Question marks cover the faces of two people inside the silhouette of a brain.

Prosopagnosia (Facial Blindness) and Alzheimer’s Disease

Did you ever wonder why your loved one or patient with Alzheimer's disease has difficulty recognizing their loved ones? Or why they have difficulty recognizing someone's facial expression or facial cueing?

It is very difficult to watch people with Alzheimer's disease lose their ability to recognize their loved ones. It is truly devastating for everyone involved. I have experienced this both as a healthcare professional and a caregiver to both my parents with the Alzheimer's diagnosis.

Defining prosopagnosia

Prosopagnosia, facial blindness or facial agnosia, is defined as a neurological disorder characterized by the inability to recognize faces. The term comes from the Greek words for "face" and "lack of knowledge."1

There are 3 potential causes of prosopagnosia:2,3

  • Acquired prosopagnosia – A person develops this at some point in their life due to lesions on the brain
  • Congenital prosopagnosia – A person does not have brain lesions but does have mutations in their genetic makeup
  • Potential connection to developmental disorders, but more research is needed to confirm this

Alzheimer's link to prosopagnosia

Alzheimer's disease is an irreversible neurologic disorder that affects various parts of the brain. Researchers believe that damage to a person's neural systems is what causes acquired prosopagnosia.2,3

The right fusiform gyrus is an area of the brain located in the temporal and occipital lobes. It controls a person's ability to perceive information from another person's face. This means that the person can visually see the other person. But their brain is unable to process that information correctly.2,3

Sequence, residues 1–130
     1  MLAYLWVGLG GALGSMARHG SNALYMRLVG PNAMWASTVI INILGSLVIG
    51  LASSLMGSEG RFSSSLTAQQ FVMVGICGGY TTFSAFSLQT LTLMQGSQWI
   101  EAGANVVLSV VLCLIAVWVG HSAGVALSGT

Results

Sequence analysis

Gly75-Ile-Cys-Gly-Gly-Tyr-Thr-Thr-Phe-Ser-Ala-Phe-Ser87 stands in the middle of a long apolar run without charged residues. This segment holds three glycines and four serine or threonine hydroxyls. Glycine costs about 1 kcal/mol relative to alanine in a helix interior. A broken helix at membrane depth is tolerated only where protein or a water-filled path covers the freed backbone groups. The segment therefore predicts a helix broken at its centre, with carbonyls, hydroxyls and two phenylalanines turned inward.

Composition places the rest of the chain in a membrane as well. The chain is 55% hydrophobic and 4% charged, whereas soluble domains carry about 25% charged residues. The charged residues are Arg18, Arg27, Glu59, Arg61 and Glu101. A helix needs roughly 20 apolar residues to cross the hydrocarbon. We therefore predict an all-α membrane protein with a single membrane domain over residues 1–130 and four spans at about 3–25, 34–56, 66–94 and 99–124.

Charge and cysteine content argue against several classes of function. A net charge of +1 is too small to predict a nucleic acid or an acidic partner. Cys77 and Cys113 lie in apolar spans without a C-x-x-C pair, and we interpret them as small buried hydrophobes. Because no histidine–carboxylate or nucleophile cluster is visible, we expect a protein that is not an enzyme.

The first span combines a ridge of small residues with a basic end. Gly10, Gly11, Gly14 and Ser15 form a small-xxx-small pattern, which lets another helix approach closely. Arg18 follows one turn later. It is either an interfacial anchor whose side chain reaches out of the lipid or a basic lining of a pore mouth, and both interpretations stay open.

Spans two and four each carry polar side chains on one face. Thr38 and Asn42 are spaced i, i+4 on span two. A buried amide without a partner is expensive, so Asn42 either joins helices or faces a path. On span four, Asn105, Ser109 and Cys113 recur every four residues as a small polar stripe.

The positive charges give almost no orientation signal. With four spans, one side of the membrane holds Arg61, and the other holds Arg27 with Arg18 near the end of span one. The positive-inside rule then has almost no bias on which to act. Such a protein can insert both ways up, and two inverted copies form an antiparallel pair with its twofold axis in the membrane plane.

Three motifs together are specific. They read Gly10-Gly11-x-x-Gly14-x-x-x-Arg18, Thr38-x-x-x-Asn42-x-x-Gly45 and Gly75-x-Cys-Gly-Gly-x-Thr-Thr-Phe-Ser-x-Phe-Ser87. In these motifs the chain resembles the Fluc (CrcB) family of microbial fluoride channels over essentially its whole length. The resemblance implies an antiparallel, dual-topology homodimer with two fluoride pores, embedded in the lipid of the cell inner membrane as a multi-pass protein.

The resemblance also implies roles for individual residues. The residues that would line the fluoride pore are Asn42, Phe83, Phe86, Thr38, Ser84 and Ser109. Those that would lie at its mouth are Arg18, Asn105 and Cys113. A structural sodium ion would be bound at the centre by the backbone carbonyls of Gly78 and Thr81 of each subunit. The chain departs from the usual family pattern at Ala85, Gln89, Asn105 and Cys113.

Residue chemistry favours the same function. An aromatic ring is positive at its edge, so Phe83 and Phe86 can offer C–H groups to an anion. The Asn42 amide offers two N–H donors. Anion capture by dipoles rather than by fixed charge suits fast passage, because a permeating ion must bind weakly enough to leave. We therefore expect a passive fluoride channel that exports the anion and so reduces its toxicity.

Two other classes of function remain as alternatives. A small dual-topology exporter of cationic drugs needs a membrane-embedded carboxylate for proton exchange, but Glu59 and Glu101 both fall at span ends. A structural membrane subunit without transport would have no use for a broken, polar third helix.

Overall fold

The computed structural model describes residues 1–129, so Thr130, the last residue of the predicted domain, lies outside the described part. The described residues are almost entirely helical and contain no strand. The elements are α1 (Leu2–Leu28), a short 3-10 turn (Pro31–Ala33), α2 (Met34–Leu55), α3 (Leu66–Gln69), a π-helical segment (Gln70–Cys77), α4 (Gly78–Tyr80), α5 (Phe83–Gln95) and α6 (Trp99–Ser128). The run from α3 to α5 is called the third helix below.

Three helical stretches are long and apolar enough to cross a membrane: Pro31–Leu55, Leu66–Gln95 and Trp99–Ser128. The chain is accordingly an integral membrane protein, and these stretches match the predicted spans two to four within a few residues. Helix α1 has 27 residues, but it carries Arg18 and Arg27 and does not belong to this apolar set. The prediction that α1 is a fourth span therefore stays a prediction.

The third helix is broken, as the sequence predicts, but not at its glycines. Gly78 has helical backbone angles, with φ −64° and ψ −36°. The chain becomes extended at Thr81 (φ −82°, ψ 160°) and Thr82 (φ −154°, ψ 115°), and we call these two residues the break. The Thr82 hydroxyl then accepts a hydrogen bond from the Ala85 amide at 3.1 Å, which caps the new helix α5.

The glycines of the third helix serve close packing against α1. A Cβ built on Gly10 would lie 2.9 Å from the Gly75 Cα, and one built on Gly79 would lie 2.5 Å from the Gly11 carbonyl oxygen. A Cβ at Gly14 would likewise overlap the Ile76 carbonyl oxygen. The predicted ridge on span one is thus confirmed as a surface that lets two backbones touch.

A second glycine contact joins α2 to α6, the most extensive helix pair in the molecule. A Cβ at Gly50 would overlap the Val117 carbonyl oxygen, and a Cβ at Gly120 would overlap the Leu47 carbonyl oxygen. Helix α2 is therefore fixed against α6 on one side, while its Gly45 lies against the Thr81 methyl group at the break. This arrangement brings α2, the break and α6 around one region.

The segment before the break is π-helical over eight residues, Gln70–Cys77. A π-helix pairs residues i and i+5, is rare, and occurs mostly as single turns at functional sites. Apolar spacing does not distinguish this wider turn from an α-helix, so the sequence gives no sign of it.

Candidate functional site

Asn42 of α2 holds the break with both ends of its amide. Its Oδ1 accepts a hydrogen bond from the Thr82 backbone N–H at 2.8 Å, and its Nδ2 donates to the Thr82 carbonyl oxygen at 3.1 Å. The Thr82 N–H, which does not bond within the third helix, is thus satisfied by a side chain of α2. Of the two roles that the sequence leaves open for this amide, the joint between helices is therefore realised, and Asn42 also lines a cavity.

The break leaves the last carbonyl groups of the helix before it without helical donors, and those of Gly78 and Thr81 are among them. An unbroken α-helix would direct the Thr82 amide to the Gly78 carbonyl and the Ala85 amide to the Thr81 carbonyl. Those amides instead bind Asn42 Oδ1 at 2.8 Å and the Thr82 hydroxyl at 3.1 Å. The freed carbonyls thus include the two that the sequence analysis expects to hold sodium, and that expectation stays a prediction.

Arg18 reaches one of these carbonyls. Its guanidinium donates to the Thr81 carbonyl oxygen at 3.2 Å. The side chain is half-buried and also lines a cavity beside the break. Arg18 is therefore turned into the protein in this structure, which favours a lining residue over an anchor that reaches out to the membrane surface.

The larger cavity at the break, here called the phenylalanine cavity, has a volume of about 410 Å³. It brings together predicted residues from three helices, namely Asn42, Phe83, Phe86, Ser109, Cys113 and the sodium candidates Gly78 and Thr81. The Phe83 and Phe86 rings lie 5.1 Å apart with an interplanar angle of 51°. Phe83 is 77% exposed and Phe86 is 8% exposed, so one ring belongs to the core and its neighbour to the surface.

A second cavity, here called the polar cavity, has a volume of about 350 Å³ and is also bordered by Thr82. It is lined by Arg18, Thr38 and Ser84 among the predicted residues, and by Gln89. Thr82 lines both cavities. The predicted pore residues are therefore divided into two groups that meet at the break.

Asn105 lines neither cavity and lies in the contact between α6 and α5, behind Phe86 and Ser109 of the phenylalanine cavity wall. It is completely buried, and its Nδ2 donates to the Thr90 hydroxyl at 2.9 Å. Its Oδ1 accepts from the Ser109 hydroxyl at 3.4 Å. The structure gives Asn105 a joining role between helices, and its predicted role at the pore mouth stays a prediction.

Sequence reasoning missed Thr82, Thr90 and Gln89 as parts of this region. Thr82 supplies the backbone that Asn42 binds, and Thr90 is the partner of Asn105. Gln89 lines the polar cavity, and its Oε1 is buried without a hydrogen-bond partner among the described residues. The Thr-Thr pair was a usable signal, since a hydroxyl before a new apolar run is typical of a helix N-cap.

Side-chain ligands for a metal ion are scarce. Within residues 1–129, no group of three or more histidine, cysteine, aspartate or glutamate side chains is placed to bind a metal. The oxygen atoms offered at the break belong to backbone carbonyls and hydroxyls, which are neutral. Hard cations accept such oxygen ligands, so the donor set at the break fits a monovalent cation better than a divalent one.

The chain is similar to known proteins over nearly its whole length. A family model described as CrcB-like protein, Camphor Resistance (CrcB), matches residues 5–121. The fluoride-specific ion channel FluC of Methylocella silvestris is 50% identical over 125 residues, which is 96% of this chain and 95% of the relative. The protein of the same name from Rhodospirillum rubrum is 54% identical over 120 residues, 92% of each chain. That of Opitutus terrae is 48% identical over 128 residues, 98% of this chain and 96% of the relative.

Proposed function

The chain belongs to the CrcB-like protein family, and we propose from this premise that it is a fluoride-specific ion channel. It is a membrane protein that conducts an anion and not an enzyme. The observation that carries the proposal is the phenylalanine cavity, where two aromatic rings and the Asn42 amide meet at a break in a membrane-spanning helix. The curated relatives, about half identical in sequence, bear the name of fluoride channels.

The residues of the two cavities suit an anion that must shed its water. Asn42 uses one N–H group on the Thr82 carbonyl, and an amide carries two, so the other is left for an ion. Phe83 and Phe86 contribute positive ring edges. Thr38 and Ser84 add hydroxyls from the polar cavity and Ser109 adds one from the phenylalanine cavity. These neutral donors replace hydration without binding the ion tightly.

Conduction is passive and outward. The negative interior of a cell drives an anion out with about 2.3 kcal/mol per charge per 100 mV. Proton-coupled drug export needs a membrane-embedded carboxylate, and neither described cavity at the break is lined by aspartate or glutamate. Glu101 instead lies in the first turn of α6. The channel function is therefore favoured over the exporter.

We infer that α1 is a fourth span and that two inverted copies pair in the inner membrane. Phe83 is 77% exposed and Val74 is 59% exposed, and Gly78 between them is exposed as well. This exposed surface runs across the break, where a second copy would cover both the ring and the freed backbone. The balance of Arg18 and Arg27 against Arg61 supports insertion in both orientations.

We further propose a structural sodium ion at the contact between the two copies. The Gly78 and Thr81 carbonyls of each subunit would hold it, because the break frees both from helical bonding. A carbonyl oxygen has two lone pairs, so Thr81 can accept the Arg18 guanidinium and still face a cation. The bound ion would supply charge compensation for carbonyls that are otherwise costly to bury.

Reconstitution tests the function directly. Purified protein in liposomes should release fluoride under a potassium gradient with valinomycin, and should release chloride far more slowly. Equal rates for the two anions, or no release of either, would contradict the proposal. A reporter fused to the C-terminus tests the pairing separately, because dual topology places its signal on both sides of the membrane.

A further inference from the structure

This is an important distinction. Prosopagnosia does not occur because a person cannot remember an individual. Most researchers believe it is less involving memory and more related to a person's inability to process the visual information they see.2,3

So, what can I do to help?

I know that encountering a patient or loved one when they do not recognize you is heart-wrenching. There is no cure or reversal once the damage from Alzheimer's disease has occurred. However, there are a few things I have learned from research and experience that have helped me.

Here are 5 tips that can help when interacting with someone who has acquired prosopagnosia:

  • When walking into a room, use your voice as soon as your loved one or patient has visual contact with you. Sometimes when people do not recognize your face they still recognize your voice.
  • If you have facial hair, keep it consistent. Any changes in the length and color of facial hair can affect someone's ability to recognize you.
  • Always introduce yourself to the person you are encountering. For example, as my mom's Alzheimer's progressed, I would say the following, "Hi Mom, it's Lynn Marie, your daughter."
  • If you are a healthcare professional, show your healthcare ID badge as you are vocalizing who you are.
  • Always be positive when entering a room, and keep questions very simple.

Awareness is key

I hope this helps educate and bring more awareness to the many complicated issues that result from Alzheimer's disease.

If any of you in our community have any additional tips that have been helpful, please feel free to share! I would love to know what is working for those within our community.

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